PARIS (Reuters) - French police have arrested four men suspected of belonging to a militant cell channelling fighters to Syria to join Islamist rebel groups battling President Bashar al-Assad’s government, police sources said on Friday.
The suspects, aged between 22 and 35, were arrested in the Paris suburb of Vitry-sur-Seine by the DCRI internal security service following an investigation that started in mid-2012.
One 24-year-old man, suspected of organizing journeys to Syria, was in touch with several “fixers” who facilitated travel between Turkey and Syria, while another previously fought with an Islamist group in Syria, the sources said.
A court ordered the men to be jailed temporarily pending further questioning.
Interior Minister Manuel Valls said in September that more than 100 French people had traveled to Syria to fight with rebels, though he said it was hard to determine whether they had joined the Free Syrian Army or hardline Islamist groups, some of which are linked to al Qaeda.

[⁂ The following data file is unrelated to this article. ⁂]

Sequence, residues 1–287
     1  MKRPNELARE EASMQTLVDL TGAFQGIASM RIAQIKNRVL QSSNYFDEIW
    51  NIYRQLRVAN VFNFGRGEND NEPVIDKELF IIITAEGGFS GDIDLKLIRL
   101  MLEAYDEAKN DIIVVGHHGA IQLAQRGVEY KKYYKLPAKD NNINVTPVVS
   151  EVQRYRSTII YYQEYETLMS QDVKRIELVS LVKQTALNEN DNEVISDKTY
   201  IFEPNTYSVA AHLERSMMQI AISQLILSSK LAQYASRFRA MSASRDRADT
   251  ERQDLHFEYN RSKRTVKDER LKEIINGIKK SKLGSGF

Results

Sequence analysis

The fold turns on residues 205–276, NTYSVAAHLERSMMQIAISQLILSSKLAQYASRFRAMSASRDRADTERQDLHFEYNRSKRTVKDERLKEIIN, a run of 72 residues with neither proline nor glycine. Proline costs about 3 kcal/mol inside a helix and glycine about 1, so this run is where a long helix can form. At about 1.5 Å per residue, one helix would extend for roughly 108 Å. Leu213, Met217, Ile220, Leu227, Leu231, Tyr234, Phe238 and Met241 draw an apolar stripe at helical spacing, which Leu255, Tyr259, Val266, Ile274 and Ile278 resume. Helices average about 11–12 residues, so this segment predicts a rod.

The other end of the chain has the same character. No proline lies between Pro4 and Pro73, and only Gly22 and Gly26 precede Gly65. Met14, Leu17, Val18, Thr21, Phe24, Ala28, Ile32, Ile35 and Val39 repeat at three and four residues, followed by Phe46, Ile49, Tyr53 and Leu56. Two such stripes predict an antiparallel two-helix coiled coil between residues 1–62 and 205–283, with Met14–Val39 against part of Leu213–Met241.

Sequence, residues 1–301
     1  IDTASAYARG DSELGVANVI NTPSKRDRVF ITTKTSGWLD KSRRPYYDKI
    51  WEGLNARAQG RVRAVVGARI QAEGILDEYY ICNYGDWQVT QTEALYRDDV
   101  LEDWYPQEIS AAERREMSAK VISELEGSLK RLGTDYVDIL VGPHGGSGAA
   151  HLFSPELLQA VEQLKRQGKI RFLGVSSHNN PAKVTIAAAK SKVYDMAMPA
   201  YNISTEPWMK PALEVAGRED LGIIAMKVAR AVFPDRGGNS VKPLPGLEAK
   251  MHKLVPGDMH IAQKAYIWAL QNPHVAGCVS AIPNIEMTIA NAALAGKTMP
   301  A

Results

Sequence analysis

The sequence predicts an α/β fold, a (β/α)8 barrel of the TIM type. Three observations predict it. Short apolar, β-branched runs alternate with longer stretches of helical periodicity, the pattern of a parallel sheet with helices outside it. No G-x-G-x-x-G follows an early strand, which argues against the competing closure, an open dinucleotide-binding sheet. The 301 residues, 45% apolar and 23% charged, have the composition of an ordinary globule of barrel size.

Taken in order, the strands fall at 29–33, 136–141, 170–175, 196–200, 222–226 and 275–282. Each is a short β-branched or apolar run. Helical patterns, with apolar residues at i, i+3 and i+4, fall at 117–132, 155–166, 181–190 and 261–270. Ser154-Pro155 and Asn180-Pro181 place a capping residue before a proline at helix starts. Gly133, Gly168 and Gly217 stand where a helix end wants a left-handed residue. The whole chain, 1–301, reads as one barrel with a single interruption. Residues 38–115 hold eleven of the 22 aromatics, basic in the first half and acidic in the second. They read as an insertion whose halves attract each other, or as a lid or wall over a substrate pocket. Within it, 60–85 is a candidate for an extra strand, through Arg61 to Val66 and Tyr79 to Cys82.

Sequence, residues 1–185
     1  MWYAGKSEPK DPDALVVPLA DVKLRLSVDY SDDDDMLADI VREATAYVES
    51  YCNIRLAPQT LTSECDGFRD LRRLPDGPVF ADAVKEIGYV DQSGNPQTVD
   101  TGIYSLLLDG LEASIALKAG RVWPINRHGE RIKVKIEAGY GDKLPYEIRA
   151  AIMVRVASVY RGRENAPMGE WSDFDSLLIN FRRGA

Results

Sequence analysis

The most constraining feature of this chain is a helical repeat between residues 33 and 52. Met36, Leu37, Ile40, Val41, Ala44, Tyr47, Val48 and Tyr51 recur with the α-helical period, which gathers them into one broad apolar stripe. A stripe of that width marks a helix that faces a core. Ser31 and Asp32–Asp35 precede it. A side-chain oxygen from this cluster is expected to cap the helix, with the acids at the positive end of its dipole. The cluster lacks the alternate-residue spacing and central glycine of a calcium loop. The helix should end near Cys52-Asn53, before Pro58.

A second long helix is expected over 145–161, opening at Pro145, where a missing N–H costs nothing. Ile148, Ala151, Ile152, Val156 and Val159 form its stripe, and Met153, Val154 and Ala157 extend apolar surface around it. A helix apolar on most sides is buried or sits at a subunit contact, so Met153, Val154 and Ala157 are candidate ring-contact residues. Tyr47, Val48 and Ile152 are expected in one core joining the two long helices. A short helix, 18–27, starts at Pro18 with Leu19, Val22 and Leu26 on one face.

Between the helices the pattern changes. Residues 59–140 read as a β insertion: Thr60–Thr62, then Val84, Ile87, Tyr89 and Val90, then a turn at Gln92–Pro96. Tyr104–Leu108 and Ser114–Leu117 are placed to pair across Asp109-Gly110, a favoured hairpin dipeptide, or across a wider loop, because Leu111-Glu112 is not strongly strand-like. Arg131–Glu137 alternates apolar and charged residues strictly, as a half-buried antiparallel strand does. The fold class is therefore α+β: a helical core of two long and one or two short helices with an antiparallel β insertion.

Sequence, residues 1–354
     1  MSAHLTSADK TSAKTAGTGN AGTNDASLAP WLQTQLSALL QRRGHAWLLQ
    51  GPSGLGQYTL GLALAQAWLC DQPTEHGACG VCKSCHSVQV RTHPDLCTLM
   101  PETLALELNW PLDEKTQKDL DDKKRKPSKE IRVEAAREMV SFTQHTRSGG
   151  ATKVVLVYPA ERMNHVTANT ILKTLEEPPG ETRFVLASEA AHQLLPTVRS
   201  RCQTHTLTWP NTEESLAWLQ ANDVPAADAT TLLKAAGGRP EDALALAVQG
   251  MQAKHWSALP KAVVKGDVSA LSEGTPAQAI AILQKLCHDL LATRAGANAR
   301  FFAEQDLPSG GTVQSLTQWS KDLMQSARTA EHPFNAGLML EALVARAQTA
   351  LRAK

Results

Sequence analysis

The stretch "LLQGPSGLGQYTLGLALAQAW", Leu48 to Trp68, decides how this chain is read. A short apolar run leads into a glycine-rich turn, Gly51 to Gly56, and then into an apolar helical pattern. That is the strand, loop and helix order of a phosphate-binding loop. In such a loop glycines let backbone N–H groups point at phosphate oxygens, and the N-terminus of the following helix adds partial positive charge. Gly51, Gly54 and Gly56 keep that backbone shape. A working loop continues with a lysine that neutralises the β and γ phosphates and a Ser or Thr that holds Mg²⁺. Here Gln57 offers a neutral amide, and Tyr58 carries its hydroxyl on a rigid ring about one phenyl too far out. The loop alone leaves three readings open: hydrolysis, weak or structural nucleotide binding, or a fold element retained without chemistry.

Highlighting legal obstacles to detaining Syrian rebel fighters on their return to France, Valls said at the time: “The difficulty is that they are going to fight a regime that we oppose ourselves. Some are fighting with official opposition groups. Others end up with jihadist groups that are listed as terrorist organizations.”
The arrests were the latest in a series in France since the start of Syria’s 2-1/2-year-old civil war. Several prospective fighters have been charged with conspiracy to commit acts of terrorism.
Reporting by Gerard Bon and Nicolas Bertin; Writing by Nicholas Vinocur; Editing by Mark Trevelyan
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